The central dogma of molecular biology dictates that genes encode proteins through intermediary RNA molecules, and proteins fulfill the majority of the structural, catalytic and regulatory functions in cells. However, a subset of RNAs execute functions without being translated into protein and are referred to as noncoding RNAs (ncRNAs). The functional significance of the vast excess of transcriptionally active ncRNA genes identified recently in multicellular organisms (98% in humans) remains an enigma and demands more thorough investigation. Interestingly, a sub-class of the RNAs is retained in the cell nucleus (NrRNAs). Known examples include, but are not limited to Xist, Tsix and CTN-RNA in mammals and hsr-w-n and roXs in Drosophila). Most of these nuclear retained RNAs are enriched in specific sub-nuclear compartments  (Xist RNA coats the inactive female X-Chromosome and CTN-RNA localizes to paraspeckles) and play important roles in various aspects of gene regulation that include gene silencing and hyperactivation, intranuclear transport of factors and in stress response. To characterize novel nrRNAs, we have previously developed a screen that isolated several RNAs from sub-nuclear domains like nuclear speckles (IGCs) and associated structures.  CTN-RNA is one such nrRNA, localizes to paraspeckles and is transcribed by the mouse Cationic Amino acid Transporter 2 (mCAT2) gene, hence named CAT2 Transcribed Nuclear-RNA (CTN-RNA). The mCAT2 gene also codes for another 4.2 kb protein-coding mCAT2 mRNA by differential promoter usage and poly (A) site selection. The mCAT2 protein is a cationic amino acid transporter involved in the cellular uptake of L-arginine, an essential substrate for the production of cellular nitric oxide (NO), the levels of which are tightly regulated. Abnormal levels of NO can result in the manifestation of various diseases including multiple sclerosis, Huntington’s disease and Parkinson’s disease. Interestingly, when cells are stressed by agents that are known to induce CAT2 production, the nuclear CTN-RNA quickly gets post-transcriptionally cleaved at its 3’UTR producing a translation competent mCAT2-like mRNA that is exported to cytoplasm to produce CAT2 protein for cell survival (Figure 1). The unraveling of this novel nuclear regulatory mechanism whereby nrRNAs act as reserve depots to be utilized upon cellular stress or developmental cues has added an entire new dimension towards our understanding of RNA functions. The long-term objectives of my laboratory include identifying new members of this sub-class of RNAs and deciphering their functions, studying how these RNAs retained in the nucleus, control gene expression under various physiological requirements and modulate various vital cellular processes.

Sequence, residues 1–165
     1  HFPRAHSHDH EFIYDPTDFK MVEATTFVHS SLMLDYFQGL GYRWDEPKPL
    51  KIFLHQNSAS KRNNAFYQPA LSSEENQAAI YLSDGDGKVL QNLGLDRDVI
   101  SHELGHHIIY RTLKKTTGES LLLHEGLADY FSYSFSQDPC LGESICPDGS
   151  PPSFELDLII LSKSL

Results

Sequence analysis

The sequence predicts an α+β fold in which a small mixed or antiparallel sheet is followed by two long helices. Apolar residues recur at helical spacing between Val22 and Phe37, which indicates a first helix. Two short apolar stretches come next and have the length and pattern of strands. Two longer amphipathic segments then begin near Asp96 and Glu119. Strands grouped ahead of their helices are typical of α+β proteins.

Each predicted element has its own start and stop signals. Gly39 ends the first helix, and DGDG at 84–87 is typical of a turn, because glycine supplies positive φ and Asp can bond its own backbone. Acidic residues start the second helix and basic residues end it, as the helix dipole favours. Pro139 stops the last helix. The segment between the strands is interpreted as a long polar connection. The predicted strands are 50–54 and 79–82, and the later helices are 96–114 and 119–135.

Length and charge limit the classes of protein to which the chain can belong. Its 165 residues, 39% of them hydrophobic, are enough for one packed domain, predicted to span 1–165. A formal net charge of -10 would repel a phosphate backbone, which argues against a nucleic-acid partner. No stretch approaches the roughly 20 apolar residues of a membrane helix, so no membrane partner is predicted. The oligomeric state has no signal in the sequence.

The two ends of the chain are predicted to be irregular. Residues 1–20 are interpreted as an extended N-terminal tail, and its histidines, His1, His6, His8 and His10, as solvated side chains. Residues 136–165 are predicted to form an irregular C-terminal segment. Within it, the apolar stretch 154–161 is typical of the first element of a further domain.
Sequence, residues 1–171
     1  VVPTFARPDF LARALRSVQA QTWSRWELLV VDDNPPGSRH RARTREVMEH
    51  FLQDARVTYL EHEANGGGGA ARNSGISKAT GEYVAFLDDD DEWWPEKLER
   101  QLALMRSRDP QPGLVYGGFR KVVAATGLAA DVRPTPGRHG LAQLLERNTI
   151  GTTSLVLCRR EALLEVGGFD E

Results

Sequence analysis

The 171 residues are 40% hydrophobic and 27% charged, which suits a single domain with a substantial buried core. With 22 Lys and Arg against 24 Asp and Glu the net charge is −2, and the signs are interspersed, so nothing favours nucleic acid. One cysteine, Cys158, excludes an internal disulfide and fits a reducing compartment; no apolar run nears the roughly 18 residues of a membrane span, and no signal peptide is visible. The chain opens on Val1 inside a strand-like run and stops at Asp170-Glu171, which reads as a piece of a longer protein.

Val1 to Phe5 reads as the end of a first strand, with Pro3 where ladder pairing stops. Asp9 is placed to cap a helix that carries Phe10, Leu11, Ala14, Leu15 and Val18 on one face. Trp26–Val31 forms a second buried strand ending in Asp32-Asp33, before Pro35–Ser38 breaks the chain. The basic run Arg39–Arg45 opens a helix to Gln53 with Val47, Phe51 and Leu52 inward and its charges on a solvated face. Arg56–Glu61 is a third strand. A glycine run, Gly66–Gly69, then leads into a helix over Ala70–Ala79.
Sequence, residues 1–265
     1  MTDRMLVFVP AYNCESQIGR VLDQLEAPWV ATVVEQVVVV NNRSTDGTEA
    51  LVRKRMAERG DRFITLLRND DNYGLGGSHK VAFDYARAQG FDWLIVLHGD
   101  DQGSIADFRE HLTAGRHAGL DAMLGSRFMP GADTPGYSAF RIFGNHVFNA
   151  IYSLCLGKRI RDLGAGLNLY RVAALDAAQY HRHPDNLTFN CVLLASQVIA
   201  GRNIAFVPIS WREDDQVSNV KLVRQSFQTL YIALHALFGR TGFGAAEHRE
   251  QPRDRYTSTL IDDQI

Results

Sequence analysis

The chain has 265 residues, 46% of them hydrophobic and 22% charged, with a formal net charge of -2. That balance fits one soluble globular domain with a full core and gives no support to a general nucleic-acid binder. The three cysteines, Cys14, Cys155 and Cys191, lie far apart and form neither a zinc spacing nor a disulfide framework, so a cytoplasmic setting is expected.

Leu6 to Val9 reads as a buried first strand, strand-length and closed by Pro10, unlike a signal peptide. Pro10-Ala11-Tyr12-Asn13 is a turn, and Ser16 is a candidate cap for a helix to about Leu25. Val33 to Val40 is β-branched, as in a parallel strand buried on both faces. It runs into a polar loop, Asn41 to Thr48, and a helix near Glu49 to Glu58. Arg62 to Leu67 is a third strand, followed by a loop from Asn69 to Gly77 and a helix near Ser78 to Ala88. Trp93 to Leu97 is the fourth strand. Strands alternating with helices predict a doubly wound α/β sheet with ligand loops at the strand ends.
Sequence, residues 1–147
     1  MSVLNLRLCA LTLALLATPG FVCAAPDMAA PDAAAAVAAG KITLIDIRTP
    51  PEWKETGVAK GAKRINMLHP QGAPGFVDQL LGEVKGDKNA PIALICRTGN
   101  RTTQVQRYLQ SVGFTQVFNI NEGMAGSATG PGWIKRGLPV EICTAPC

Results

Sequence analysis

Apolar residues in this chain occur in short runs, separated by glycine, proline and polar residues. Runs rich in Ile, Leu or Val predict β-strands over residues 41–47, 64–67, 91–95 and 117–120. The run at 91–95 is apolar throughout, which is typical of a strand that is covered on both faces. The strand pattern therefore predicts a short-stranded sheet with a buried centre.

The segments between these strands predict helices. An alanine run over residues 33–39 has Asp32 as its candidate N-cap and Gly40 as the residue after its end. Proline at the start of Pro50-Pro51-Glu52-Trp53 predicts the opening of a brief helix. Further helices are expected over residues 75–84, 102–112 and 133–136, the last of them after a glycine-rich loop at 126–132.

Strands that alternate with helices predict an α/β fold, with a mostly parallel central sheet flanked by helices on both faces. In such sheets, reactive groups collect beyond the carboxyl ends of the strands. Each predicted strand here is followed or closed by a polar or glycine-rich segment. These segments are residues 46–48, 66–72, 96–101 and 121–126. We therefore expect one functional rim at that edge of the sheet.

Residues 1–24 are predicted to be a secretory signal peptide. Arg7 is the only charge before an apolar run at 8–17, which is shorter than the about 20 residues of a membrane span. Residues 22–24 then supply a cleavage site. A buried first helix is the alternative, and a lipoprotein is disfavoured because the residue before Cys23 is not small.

Figure 1 Model depicting the post-transcriptional cleavage of CTN-RNA upon cellular stress. A. In unstressed cell, the mCAT2 transcribes both nuclear retained CTN-RNA (red; a & b) and cytoplasmic mCAT2 mRNA (blue; c) by differential promoter usage and poly A site selection. B. Upon stress, CTN-RNA is post-transcriptionally cleaved in its 3’UTR by unknown factor(s) (d) and the cleaved transcript (red; f) is transported out of the nucleus for translation. The figure is adapted from Prasanth et al., 2005 Cell 123: 249-263.